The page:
• Hybrid support. In the early stages, the SaaS vendor will come to your company to run and manage the technology. However, there can be a plan built into the process that includes coaching, mentoring, training, and/or providing insight to properly staff up and get the most out of the software. This is, for my money, one of the best choices because it allows organizations to get up and running as soon as the software is purchased while adding to the intellectual capital of the company.
  • Self-service. Mature organizations may have the resources to run the program entirely in-house, without support from the vendor. But that's a choice the organization has to make with full realization of the resource investments necessary, from both a people perspective and a time perspective.

The bottom line is that when it comes to investing in new software, you should look at both the vendor and the technology as if they are new hires for your organization in order to make the right choice. Are both the technology and the vendor good cultural fits for your company? Do they fit within your organization in terms of your goals? Do they make your team members better? Do they come in and work well with others? Do they bring additional insights and perspectives to the table that will advance the growth of the organization?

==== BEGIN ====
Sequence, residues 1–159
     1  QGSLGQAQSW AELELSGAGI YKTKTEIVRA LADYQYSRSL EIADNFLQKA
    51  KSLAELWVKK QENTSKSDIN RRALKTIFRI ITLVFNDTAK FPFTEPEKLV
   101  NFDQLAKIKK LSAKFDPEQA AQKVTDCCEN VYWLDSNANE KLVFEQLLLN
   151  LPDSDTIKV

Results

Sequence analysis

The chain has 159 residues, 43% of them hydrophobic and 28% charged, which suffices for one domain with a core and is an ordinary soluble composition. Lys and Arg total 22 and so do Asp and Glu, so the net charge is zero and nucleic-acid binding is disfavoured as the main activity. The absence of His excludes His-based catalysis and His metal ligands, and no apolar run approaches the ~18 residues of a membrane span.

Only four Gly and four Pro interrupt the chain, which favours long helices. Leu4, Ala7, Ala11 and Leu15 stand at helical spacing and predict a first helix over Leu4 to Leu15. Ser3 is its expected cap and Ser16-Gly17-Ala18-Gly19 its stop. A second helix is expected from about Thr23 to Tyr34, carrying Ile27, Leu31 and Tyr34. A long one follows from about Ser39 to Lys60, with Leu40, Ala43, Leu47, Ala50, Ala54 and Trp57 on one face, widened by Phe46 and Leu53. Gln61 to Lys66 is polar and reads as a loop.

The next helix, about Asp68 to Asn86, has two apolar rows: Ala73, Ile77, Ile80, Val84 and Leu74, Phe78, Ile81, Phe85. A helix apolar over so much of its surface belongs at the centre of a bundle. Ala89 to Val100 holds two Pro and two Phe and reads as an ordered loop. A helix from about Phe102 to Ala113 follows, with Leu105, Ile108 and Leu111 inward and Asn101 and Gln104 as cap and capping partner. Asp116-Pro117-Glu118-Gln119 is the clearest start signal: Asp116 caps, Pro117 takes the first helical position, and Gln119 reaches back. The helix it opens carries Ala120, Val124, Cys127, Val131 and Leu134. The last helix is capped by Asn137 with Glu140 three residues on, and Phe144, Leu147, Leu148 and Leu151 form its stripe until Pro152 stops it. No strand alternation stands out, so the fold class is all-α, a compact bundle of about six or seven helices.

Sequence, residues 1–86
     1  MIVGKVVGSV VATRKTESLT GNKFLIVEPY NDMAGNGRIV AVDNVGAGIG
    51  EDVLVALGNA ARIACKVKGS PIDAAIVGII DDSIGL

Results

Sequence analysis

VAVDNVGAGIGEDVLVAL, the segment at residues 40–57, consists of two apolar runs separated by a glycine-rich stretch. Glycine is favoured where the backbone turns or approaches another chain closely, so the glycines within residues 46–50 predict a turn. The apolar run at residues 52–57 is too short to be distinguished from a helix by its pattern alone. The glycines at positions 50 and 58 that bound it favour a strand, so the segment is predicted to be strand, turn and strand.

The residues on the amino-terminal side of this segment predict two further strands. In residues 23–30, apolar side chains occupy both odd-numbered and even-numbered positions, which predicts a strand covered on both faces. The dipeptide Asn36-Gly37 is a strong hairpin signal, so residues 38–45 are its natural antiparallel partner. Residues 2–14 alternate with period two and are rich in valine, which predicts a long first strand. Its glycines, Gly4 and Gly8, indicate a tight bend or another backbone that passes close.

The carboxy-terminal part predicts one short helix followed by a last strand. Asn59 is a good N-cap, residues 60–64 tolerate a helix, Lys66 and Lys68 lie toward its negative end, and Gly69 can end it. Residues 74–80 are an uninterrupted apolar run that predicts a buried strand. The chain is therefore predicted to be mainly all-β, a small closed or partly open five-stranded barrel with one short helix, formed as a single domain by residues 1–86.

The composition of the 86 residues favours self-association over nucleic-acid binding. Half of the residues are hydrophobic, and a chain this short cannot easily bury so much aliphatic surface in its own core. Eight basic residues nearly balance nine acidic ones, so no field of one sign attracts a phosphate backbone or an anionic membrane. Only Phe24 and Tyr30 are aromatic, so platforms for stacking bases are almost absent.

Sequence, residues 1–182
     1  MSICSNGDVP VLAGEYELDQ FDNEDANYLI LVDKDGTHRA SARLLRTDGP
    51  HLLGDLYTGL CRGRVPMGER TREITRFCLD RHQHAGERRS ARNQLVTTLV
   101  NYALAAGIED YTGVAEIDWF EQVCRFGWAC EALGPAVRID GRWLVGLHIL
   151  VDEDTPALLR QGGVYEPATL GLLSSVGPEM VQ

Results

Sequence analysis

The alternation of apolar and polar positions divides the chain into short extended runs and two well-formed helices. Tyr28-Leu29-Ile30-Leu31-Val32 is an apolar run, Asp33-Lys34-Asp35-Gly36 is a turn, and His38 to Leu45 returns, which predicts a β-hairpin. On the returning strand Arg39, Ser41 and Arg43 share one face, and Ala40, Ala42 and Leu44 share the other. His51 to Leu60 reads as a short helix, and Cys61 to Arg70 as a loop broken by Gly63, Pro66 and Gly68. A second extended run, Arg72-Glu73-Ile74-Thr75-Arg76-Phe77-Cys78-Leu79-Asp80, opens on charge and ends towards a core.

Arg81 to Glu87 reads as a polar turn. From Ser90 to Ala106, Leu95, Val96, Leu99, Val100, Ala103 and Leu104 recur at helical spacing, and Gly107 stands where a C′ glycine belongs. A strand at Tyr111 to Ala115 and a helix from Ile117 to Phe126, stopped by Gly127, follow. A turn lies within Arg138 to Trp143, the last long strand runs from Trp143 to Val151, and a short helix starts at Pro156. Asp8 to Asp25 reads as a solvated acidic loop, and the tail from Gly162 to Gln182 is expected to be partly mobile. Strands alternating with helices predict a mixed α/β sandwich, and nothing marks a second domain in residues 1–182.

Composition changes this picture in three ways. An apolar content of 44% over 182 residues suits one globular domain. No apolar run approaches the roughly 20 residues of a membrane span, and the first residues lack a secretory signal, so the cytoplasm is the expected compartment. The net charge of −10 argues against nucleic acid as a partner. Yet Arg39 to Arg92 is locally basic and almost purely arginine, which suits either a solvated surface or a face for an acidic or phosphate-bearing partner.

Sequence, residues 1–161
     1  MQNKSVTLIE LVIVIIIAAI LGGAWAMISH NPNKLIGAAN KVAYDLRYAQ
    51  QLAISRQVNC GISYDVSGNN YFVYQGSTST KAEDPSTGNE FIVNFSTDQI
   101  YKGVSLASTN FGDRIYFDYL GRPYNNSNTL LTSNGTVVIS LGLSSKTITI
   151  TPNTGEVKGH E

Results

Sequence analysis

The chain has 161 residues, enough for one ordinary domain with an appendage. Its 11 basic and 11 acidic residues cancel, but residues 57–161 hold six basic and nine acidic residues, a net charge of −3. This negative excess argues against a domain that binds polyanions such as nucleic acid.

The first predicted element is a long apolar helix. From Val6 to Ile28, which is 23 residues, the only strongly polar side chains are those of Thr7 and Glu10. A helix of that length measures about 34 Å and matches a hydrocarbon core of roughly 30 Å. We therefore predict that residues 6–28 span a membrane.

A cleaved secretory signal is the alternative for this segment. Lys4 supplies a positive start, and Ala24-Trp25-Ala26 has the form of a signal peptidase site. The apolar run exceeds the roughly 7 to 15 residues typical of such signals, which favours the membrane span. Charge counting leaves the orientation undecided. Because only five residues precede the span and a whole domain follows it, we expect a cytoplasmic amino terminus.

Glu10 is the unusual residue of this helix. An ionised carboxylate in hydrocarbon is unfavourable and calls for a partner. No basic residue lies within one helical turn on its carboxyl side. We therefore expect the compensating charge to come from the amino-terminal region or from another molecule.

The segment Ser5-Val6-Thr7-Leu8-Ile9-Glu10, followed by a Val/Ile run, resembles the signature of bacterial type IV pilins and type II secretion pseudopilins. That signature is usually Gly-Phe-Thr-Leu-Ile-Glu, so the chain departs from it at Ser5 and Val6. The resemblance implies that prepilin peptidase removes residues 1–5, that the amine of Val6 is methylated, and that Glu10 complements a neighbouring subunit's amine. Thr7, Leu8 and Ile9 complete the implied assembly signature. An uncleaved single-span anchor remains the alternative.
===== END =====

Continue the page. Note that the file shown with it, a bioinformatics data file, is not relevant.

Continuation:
Again, being software as a service doesn't mean you should miss the opportunity to really validate the service as a service, outside of just the technology. Obviously, agility at the technical level is a goal for most organizations, but it's important to know which support, experience, and skills you'll need from the first day you bring in this new technology.

Otherwise, it could just end up being shelfware.

Saas Cloud image on home page via Shutterstock.



Nathan Richter

Nathan Richter is the global director of client solutions at Monetate, where he advises top enterprise clients on website optimization. A veteran of digital marketing and online retailing, Richter has extensive hands-on experience helping enterprise clients implement successful multichannel marketing campaigns. Richter has directed online marketing and site optimization programs for David's Bridal, QVC, The Franklin Mint, and dELiA's.